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Matt Norlander

Cinderellas can't escape midnight in Sweet 16

The Dagger

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So much for Cinderella.

Northern Iowa's 59-52 loss to Michigan State Friday night was the final result that sent home a non-major long-shot for the Final Four. (Sorry, Butler, but you proudly don't factor into this equation.)

The Panthers failed to reach the Elite Eight, primarily, because they didn't make a field goal in the final 10 minutes of the second half. Credit that to Michigan State if you will (and Northern Iowa did many times after the game), but when a team can't put the ball in the hoop for 10 minutes, that's as much about them as it is the opponent.

The magic that existed in UNI's game against Kansas? Gone.

The killer instinct that allowed the Panthers to hold back the top overall seed in the tournament? It never arrived.

Tom Izzo's going back to another Elite Eight, and that's a great story we'll get to here at The Dagger later on. What we want to know is why didn't at least one of the three Cinderella teams (and you could throw in Xavier if you really wanted to) manage to stay alive for at least one more day.

There is no grand or common theme running through these games that can be pointed to as The Definitive Reason for a loss.

The obvious reason people will point to: talent disparity. We agree with that notion; that these larger schools recruit better talent and often times that talent wins out. With three or four days to prepare, John Calipari, Scott Drew and Tom Izzo scouted their upset-minded opponents quite well. They had the better players, so they won.

It's why we cherish the upsets, because these kind of results are the norm. They happen the majority of the time. When a lower-seeded team reaches the Elite Eight, it's usually a Tennessee or a Michigan State; a BCS school.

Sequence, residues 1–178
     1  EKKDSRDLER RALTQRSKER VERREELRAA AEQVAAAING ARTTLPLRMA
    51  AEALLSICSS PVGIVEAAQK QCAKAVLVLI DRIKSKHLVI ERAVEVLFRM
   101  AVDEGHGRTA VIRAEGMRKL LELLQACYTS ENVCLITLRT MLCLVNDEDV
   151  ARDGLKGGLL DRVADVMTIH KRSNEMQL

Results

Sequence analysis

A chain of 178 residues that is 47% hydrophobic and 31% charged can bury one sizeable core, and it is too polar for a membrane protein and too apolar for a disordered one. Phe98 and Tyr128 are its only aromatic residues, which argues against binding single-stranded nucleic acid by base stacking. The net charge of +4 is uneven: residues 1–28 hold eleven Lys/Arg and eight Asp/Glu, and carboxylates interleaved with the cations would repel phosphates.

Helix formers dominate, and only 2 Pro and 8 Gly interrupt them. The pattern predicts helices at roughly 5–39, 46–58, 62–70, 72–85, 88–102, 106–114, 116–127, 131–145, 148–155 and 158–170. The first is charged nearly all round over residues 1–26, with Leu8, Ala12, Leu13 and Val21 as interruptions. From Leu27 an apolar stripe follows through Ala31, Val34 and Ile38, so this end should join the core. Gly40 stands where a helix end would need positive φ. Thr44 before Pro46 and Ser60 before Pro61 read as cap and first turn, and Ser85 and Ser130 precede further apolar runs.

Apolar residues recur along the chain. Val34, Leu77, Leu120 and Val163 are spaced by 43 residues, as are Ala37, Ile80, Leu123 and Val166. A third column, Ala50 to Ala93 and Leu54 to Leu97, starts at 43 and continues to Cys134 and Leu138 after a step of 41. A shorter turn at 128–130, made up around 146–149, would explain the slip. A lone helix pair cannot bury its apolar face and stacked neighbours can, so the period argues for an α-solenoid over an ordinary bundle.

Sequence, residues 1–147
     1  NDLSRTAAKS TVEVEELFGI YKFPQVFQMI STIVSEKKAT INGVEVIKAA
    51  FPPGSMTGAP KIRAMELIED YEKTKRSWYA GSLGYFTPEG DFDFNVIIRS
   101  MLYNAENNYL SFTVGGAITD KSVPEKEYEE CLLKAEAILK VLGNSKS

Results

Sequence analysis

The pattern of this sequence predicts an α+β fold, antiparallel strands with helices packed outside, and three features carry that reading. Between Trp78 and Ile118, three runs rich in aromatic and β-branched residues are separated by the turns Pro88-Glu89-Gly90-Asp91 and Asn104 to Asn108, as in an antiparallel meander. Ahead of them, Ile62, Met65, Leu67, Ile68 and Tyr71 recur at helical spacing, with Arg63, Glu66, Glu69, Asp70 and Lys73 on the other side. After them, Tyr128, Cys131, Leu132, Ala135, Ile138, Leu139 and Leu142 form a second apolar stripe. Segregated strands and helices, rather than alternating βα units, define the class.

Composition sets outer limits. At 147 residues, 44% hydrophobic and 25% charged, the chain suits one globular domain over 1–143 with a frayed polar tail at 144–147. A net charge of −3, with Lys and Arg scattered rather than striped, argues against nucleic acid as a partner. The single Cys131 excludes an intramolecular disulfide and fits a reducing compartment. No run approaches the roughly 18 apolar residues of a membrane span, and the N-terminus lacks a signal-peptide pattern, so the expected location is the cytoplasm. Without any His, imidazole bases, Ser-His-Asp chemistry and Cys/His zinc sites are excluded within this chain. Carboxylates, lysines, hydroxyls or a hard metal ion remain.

Individually, here are some reasons and quotes why we were withheld from a George Mason situation this weekend.

• The Panthers were hampered early by foul trouble in the second half, which took away from their seven-point lead at halftime. UNI was outscored 37-23 in the second half and Izzo looked like he finally figured out the Panthers for all the other coaches who couldn't do it.

"It's disappointing to pick up your third foul so quickly in the second half," Adam Koch said. "You gotta come out. Then you kind of -- it's in your head a little bit, you've got that foul trouble. I don't know. It's just disappointing, I guess."

• Cornell failed to slow Kentucky down. It was a battle of DNA, and the Big Red couldn't strategize their way to a W.

"They've got a lot of length on defense, obviously," Ryan Wittman said. "Something we had to get a little bit adjusted to. I don't think Temple and Wisconsin quite had the length on the perimeter that they do.

• Saint Mary's just didn't show up. In about 30 different facets, the Gaels were outplayed and outclassed by the buff Bears.

"At the end of that half -- I mean, everything in the first half, we just didn't handle it very well," head coach Randy Bennett said. "At the end of the half, we fouled on a three, didn't have it. You never know. Little things make a difference. We had a chance to go in down 20 in the last couple of minutes. Down 20, you can win that game. You can come back and win that. But instead it extended to 29.
Yeah, we weren't -- we shot ourselves in the foot the first half by not handling the situations right as far as getting down, getting busted in the mouth a little bit and not handling it right."

A storyline or two many were hoping for fell short again. Makes you appreciate George Mason all that much more, doesn't it? These teams only got half as far as GMU did in 2006.

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